Choices, Choices: The Overwhelming Glut Of Online Streaming Services

Remember the good old days when choosing what to watch on TV was a far simpler decision to make? Since there were only a handful of noteworthy TV shows, it was much easier to stick to one and watch it until the end. Nowadays, you’re lucky if you can finish one.

It’s good to have choices, but when there are far too many to choose from, you wind up deciding it’s better you don’t choose anything at all. This is the current conundrum facing most consumers with the amount of streaming services and various content now available to everyone who has a reliable Internet connection.

Once a solely DVD mailbox rental service, Netflix became the pioneer of digital content when it decided to set up a streaming service for TV shows and films. Gone are those days of waiting for a disc to arrive in your mail. You just log into your account, pick a movie or show you want to watch from Netflix’s wide entertainment catalog, and presto—your selection is already playing right before your very eyes. Netflix’s ambitions began to extend beyond offering licensed content. They later started producing exclusive and original programs, like House of Cards and Stranger Things, to entice new and current subscribers to stick to their service.

Because of the massive success digital streaming has been for Netflix, other services began to crop up to get in on the piece of the action—Hulu, Amazon Prime, HBO Go/Now. Then you have the newest or soon-to-be-coming streaming platforms, like Disney+, Apple TV+, and HBO Max. Even networks who don’t want to be left out on the potential profit having your own streaming service could provide, CBS has CBS Access and NBC is developing its own online streaming service called Peacock. When you survey the growing amount of services, it’s beginning to look much more ridiculous and overwhelming. It’s really an indecisive person’s worst nightmare.

At the moment I currently pay for Netflix, Hulu, Amazon Prime, and now Disney+. Though it’s only four services I’m subscribed to, the amount of content offered on these sites is still daunting. This doesn’t even include the other streaming platforms I don’t pay for that are free to watch with ads, like Crunchyroll and the CW. That’s more content than you’ll ever watch in your entire natural born life!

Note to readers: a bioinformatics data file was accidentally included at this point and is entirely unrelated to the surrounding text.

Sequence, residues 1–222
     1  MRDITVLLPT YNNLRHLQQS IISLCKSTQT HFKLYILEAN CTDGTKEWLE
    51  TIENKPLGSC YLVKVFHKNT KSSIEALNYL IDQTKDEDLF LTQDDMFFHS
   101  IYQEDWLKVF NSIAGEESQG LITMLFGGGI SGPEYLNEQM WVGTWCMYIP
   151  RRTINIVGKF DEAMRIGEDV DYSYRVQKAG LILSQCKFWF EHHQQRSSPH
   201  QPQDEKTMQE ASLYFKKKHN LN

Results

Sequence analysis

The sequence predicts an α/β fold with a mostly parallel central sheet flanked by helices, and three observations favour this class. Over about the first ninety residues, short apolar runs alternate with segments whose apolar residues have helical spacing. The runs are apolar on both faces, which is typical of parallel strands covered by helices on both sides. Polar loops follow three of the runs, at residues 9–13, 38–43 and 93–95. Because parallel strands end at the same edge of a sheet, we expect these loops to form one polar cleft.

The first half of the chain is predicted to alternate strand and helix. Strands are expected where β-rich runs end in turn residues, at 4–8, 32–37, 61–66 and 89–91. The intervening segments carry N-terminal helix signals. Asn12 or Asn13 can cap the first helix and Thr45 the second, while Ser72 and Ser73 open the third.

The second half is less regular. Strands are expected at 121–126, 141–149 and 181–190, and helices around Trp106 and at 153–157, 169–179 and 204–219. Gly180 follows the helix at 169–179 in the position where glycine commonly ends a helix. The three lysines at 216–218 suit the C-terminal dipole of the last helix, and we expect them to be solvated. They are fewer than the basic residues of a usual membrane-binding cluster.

No one really has the time to watch everything on these services, even if you have one full day off to sit at home and watch shows or movies all day long. It’s just not possible. My main issue with having these options at my disposal is figuring out what to watch on any given day. I have more shows and films saved to my watch later list than having ones I finished. For example, there are a few shows on Netflix, Hulu, and Amazon Prime that are still in the process of being watched. I’ve only seen a few episodes of Aggretsuko, I’m still at the beginning of Season 2 of The Handmaid’s Tale, and I have yet to finish Season 5 of Downton Abbey.

There are a number of reasons why some of these shows are in various states of watch. Sometimes, I don’t have time during the weekends to continue where I left off or I typically have to be in the mood to watch certain shows, which has been the case for Handmaid’s Tale. Ordinarily, I try to pick one show and stick to that one until I’ve finished it all the way through. Now, I’m easily distracted by new shows and sometimes abandon the one I’m watching for the latest one that came out.

I think our digital, technological world has made us increasingly prone to being less focused or committed to things like we used to. When we know there are still so many options we can choose from, why settle for what’s right in front of us? This attitude or behavior that has been instilled within us is very troublesome and it’s changing the way we are interacting with our entertainment media. What ever happened to simply spending the time to appreciate the one good show we found?

Maybe the best response is to cancel all your streaming subscriptions and swear off TV all together. But when you want a place to escape and be entertained for an hour or two, it’s difficult to entirely pull the plug. And if one were to pull the plug, which service can you do without? Therein lies another choice that has to be made.

Which streaming services do you currently subscribe to? How do you feel about the plethora of options we have? Do you think it’s getting out of hand and would prefer we didn’t have so many companies looking to develop their own streaming platform in an attempt to get you to spend more money on their content?


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